puppies aren't like other puppies.
They are usually very calm and easy to deal with even when
they are small babies. Some Mastiff puppies are, of course,
more active than others. They generally tend to learn the
house rules fast, if the owner takes the time to teach the
puppy in a loving and understanding way. You can experience
that a mastiff-pup is as calm and easy-going as an adult
one. They are very sensitive, and don't handle yelling and
unfair treatment very well. These pups also need a lot of
sleep, in addition to a great deal of affection and company.
the dog has to be home alone while you're
at work or at school throughout the whole puppyhood, both
you and the puppy will be better of if you wait getting
a dog until someone in your household has more spare time.
Remember that any dog must feel safe in his home WITH his
owners before he can feel safe being in his home WITHOUT
his owners! He has to be totally sure of that you are leaving
him only temporarily, and that you'll be back in reasonable
time. He also needs to be sure that the homecoming is worth
You can start teaching the pup to be home alone as soon
as he' gotten used to his new home. Leave the house or the
room only for a few minutes the first times. Be sure he
knows that you're gone, and return to him BEFORE he starts
crying for you. This way he learns that he doesn't have
to bark or cry to make you come back home. He must never
get the impression that this kind of behavior gets rewarded,
rather he should discover that there's no need for it. He
can always be sure of that you're just around the corner.
Build up his trust in you!
can be a good idea to let him have a toy or something else
that keeps him busy while you're leaving the room. Remember
that even for a grown up dog, 6-8 hours is considered as
the maximum time a dog should spend alone on an every day
basis. This is even more important if you don't have much
time for him when you finally get home! In other words:
A puppy isn't that different from a child. He needs caring,
compassion, time and understanding. He's well aware of who's
a member of his family, and who is not. All he wants is
that safe and caring home that all children want.
get one thing straight: The Mastiff eats a lot!
Your 10 kilo puppy may weigh about 60 kilos just six months
later. It's important to feed the pup properly. A growth
like that demands quality dog food if you want to bring
up a strong and healthy fellow. The stuff you get at the
supermarket may be alright for Mr. Smith's dog, but it's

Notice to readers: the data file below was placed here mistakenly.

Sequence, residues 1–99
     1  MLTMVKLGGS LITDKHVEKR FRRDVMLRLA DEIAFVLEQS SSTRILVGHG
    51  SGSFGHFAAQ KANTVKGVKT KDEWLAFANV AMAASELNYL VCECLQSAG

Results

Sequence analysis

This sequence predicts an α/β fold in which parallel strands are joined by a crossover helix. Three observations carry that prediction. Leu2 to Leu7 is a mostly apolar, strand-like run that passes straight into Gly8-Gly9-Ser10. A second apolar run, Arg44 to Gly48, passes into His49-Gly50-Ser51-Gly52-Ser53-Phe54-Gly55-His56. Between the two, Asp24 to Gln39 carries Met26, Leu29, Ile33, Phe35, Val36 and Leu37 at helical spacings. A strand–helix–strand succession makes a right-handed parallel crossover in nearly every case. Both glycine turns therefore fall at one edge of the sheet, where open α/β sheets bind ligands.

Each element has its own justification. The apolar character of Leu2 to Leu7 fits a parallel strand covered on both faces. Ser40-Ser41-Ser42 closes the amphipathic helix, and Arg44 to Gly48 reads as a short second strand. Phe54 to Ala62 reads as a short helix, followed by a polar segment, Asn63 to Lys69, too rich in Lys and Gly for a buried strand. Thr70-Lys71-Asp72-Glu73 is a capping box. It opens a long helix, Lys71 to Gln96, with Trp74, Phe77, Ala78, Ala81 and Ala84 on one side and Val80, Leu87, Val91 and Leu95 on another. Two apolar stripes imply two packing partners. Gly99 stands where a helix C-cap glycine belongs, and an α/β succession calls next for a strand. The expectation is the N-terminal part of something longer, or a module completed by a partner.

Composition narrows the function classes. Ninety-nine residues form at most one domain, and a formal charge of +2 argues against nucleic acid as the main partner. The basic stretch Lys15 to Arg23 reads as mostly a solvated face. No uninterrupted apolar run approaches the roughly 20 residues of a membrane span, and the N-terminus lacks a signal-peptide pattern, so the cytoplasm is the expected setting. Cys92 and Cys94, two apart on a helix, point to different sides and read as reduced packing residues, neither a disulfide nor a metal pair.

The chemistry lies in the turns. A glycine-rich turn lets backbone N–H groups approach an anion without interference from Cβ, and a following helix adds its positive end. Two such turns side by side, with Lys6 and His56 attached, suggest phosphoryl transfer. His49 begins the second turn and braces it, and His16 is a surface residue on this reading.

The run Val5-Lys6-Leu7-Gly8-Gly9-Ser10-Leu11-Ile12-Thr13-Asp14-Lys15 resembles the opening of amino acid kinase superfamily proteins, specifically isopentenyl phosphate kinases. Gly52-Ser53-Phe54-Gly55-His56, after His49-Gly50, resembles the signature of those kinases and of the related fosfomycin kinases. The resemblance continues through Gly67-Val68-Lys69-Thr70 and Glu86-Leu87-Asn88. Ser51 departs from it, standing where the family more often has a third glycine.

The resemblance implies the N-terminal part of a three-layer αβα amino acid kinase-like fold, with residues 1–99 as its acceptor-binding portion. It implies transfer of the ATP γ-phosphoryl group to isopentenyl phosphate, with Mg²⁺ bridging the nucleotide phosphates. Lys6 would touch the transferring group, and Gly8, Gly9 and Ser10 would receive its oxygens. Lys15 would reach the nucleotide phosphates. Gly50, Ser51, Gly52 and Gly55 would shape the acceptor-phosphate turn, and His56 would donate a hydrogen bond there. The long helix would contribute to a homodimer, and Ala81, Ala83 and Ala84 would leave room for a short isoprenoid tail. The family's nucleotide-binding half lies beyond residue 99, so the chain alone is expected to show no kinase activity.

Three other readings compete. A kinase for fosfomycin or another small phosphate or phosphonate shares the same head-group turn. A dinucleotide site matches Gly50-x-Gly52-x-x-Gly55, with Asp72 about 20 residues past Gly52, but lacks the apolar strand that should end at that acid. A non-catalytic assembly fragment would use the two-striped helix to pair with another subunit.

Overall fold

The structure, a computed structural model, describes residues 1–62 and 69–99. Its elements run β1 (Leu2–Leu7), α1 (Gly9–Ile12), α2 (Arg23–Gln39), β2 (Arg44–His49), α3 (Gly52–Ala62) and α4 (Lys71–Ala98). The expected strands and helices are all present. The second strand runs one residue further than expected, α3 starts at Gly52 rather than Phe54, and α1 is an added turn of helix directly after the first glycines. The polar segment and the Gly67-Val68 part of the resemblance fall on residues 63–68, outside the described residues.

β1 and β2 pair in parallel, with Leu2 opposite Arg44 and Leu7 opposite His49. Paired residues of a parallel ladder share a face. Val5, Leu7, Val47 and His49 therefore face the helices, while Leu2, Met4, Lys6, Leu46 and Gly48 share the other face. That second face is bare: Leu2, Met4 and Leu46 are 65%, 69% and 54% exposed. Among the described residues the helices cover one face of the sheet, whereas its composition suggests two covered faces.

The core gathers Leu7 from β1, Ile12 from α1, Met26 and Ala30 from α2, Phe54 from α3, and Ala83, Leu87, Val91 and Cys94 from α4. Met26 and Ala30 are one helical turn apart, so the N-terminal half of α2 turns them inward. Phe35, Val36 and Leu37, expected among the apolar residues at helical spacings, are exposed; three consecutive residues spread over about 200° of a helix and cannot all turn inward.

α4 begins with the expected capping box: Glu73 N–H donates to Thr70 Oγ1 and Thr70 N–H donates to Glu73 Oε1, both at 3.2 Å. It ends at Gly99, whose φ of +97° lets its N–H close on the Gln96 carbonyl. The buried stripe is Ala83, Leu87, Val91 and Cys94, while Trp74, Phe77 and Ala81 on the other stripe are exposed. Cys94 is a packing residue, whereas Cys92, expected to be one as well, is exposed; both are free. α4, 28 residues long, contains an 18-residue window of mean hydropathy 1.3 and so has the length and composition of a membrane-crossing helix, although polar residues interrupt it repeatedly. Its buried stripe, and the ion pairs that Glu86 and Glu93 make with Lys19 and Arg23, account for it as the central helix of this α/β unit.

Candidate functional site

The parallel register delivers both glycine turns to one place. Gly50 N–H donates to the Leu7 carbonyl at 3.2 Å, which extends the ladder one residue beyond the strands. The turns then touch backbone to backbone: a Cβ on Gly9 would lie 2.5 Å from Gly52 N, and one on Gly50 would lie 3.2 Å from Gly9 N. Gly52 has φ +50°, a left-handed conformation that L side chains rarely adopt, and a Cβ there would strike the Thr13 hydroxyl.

not good enough for your Mastiff! Find out where to buy
Eukanuba Junior, Hills, Royal Canin, or any other high quality
product. This will cost you a lot more money than the supermarket
solution, but you can be sure of that your dog gets what
he needs to grow up to his full physical potential.
puppy needs a nice, comfortable place of
his own where he can go to when he needs to relax without
any disturbance. Such a place will give the dog the privacy
he sometimes wants, but it shouldn't be too fare away from
the family either. The Mastiff is very dependent on his
owners, and needs to be close to them as much as he can!
shouldn't let children (or grown-ups!) wake the puppy while
he's sleeping, no matter how tempting it might be. A dog
needs peace and quiet when he's tired. If he can't get the
rest he needs, he'll might become a restless and nervous
dog. A dog simply can't understand why you won't allow him
to relax. Your Mastiff also has a right to privacy!
with other dogs is important while growing up. In the picture
to the left, Kaiser (6 months), is playing with the Doberman
bitch Mika (2 years). One should remember that all dogs
that grow as fast as the Mastiff does, shouldn't use his
full strength until he's fully grown. Don't let him play
like crazy neither with people nor with other dogs. Even
so he needs to meet other friendly dogs, in order to learn
that they might be nice creatures just like himself. Kaiser
loves to meet other dogs, especially the smaller breeds!
male mastiff-pup will get an important lesson for life if
he learns that he can play with another male. You can let
him meet and play carefully with a low-dominance grown up
male, no matter what breed he is (but try to find a dog
at about the same size as your mastiff - before it's too
late...). Aggression towards other dogs is rare with mastiffs,
but getting used to being with strangers, both human and
four-legged, is important anyhow!
you get them any sweeter? Baby-Kaiser with his first toy
- ten weeks old. Is this really the same dog we're living
take your pup for too long walks the first 7-8 months. He
grows in an enormous tempo, and doubles his own weight several
times during these months. A heavy pup like this can hurt
his muscles, hips and joints so bad that he will never recover.
him for daily slow walks, and play gently with him. Being
too careful is better than making your friend a cripple!
Be extra careful when the pup is "cold", i.e.
the first ten minutes after he's started moving outside.
When the Mastiff is fully grown, at the age of three, he
has an enormous strength that can solve plenty of tasks!
Remember that he needs to warm up, just like an athlete,
before he should do anything that demands his full strength.
You are, as the owner of the dog, the only one that can
plan his future health. Your Mastiff-puppy is not able to
decide what's best for him! A giant like this needs to be
taken care of in a special manner. It's a responsibility
that gives great pleasure!
you have any questions about mastiff puppies or mastiffs
in general? Contact your local dog club, or even better,
a Mastiff Club.
for visiting the Puppy Page!